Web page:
The Question (ID Number 618)...
I'm very curious to hear how you reconcile this childhood experience of yours with your scientific knowledge -- and, by extension, I'm curious to know what you might tell your science-loving fans (like me) who might not understand how they should reconcile these two things about you, these two things that, not knowing better, we might see as contradictory. I'm also incidentally curious about the extent to which your portrayal of the "yoo-hoos" is fictional, i.e., simply for the purposes of fleshing out the story, as opposed to things you actually believe. For example, that they themselves represent what ancient cultures thought to be gods and what older Taker cultures thought to be demons/devils, that they are matter- based and yet immortal and possessing of shape-changing abilities, etc.
...and the response:I don't "reconcile" my childhood experience with my scientific knowledge. It was an event, something that happened. I was once sitting over drinks with a friend, and out of the blue I said, "I'm thinking of a word. What do you think it is?" He said, without hesitation, "orange," and that's the word I was thinking of. Must this event be "reconciled" with scientific knowledge? The same friend later moved to a new state, and I paid him a visit. From the window of the spare room I stayed in that night I saw a motionless red light quite high in the sky (not possibly Venus and before the era of geosynchronous satellites). I assumed it marked the top of a radio or television tower. In the morning, I asked him about it. He said, "There is no tower visible from that window." Again, must this event be "reconciled" with scientific knowledge? It's just something that happened, and if science says it couldn't have happened, then science is simply in denial of reality.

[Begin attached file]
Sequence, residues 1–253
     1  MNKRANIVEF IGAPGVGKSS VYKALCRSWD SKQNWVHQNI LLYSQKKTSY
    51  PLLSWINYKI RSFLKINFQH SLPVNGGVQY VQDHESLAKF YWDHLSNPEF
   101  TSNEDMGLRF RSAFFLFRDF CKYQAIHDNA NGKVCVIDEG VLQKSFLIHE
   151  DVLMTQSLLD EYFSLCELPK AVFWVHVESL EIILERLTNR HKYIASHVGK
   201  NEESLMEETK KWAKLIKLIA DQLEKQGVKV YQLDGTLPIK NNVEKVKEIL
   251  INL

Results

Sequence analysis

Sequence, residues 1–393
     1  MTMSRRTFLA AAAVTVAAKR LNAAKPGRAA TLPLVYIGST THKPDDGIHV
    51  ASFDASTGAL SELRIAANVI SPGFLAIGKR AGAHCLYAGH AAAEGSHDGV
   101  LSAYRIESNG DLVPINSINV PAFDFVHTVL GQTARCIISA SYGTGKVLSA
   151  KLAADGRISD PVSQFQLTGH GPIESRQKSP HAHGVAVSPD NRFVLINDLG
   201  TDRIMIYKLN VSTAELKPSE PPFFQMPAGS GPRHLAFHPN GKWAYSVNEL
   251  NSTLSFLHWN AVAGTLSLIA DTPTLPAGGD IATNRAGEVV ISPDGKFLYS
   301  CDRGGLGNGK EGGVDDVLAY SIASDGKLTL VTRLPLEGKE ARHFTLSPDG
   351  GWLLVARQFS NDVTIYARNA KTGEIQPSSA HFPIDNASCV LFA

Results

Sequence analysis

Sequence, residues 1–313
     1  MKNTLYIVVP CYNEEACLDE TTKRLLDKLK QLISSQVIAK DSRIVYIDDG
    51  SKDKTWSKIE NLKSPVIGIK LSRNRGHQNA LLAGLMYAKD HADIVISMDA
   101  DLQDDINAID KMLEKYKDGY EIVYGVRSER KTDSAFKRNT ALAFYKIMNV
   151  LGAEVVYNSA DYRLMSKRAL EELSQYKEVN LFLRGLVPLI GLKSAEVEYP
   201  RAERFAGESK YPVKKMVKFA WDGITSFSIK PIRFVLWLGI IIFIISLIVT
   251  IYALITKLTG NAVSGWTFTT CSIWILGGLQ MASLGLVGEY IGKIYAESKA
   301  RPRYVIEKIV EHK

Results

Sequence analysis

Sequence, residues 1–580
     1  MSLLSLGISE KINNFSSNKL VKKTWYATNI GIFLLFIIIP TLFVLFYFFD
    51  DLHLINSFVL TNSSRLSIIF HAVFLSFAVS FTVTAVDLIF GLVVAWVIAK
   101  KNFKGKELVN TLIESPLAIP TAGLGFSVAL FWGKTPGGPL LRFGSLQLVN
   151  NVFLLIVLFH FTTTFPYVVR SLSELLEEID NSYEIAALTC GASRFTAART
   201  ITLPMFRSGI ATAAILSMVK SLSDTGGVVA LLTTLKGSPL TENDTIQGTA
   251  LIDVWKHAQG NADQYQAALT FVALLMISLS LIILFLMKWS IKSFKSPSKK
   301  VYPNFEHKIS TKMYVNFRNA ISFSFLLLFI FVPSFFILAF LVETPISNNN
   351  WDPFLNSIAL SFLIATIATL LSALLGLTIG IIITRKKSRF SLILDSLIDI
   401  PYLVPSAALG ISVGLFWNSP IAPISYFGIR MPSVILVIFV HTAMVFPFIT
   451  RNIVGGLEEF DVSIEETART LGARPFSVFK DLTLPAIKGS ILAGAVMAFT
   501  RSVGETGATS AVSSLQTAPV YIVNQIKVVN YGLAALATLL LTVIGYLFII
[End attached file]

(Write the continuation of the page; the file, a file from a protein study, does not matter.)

You speak of things I "actually believe." I don't know of anything I "actually" believe. Believing in things that might not exist or that might be false strikes me as completely silly. Atheists have a belief--that God doesn't exist. This too may be false (though we'll never know). I prefer to think of the universe as peopled by gods--but I don't "believe" that it is.
Back in the early seventies, I once talked to a young woman at a party about Carlos Castaneda's Don Juan and his encounters with the kind of entities I later described in The Holy. I said I understood the temptation that many of Castaneda's readers had given into--to travel down to Mexico in search of such encounters. She said, "Why? Do you think those entities don't exist in Chicago?" Well, why wouldn't they, of course, if they exist in Mexico? They're universally known in shamanic cultures all over the world. You may be prepared to pronounce all these peoples merely deluded, but I'm not. I'm not prepared to say that these entities do exist--but neither am I prepared to say that they don't. If you're prepared to say that they don't exist, then, as far as I'm concerned, you're simply acting out of belief. Do you know of any science that proves they don't exist? Of course not. Science can establish that something does exist, but it seldom has tools to establish that something doesn't exist. (Science can prove that no vehicle exists that can travel faster than light; mathematics can prove that no map exists that needs more than four colors to satisfy the requirement that no two regions with a common boundary have the same color.)
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